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  • Writer's pictureMeeta Morrison

Space & Memory

There is a quiet spot in my yard that reminds me of home. I am originally from India and though I was born in Lucknow, the big, bustling capital of Uttar Pradesh in the north, I spent many of my 10 years there in Gusrapur, the tiny village from where my father’s side of the family has hailed since the mid 1800’s. Many of my most vivid childhood memories are filled by our rambling farmhouse, an assemblage of courtyards and gardens enclosed within thick mudbrick walls connected by small, utilitarian, roofed and enclosed rooms. Except for during the rainy season and the short winters, most of our activities happened outdoors, underneath skies that seemed to stretch on forever. At night the brilliant stars and moon shone down on cots in rows as we fell asleep listening to my aunt’s stories. In the morning crows serenaded us before dawn and we moved the cots, and the courtyards became the place where we lived our daily lives. The daily activity at the farmhouse included things like the delivery of vegetables or a visit by the bangles vendor or weary visitors who walked the last 2 miles from the train station through farm fields and who asked for a cool drink from our well. No electricity, no running water, no roads, and no road noise. 

In the winter it got very cold both because the village is so far north and because it’s so open to the elements there. One of my favorite activities happened around a firepit and it involved all of the crops coming in from the fields at that time: potatoes, yams, sugar cane, peas, peanuts and chickpeas. We would dig a pit and fill it with wood. Once the fire was established We’d bury potatoes and yams under the white hot coals. Meanwhile whole peanut bushes, pea plants and chickpea plants were roasted in the flames. The greenness of the shells and plants allowed the tender kernels to steam and smoke at the same time. Smothered in a fiery cilantro and green chili chutney this was a winter treat which we washed down with sugar cane juice. But the real joy was sitting with our backs cold and our fronts toasty as we shared stories and songs, jokes and memories of days gone by.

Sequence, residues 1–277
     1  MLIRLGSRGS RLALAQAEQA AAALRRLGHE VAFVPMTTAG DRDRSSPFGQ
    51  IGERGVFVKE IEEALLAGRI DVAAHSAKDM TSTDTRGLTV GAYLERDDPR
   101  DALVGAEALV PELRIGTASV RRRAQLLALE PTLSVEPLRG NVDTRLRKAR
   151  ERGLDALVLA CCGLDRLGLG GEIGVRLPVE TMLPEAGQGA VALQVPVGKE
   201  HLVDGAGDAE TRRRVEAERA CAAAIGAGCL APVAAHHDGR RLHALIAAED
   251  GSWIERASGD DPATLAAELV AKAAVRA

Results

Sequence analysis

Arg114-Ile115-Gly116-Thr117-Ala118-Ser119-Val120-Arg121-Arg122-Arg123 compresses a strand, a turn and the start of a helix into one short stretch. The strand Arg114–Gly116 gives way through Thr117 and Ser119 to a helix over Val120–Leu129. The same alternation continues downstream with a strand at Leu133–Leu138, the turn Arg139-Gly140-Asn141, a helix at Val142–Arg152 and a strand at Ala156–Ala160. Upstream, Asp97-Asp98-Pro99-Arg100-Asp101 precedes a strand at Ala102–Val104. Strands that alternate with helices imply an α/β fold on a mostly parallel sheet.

Near a wood fence under the great live oak in my backyard, I have placed a clay chiminea. The gravel underfoot has the sound of rural living and the comfort of the oak tree reminds me of the mango tree that cast long shadows on moonlit nights. It’s a quiet, neglected spot that has little meaning beyond those few days of the year when the weather is perfect and the company is just right. It's cold and still and the moon shines down on us. We laugh late into the night in our firelit cocoon. The jokes and songs are different but somehow the experience touches me at the cellular level and sets in motion the creation of new memories and new stories, and, if only for a moment, I'm transported back to those days in Gusrapur.

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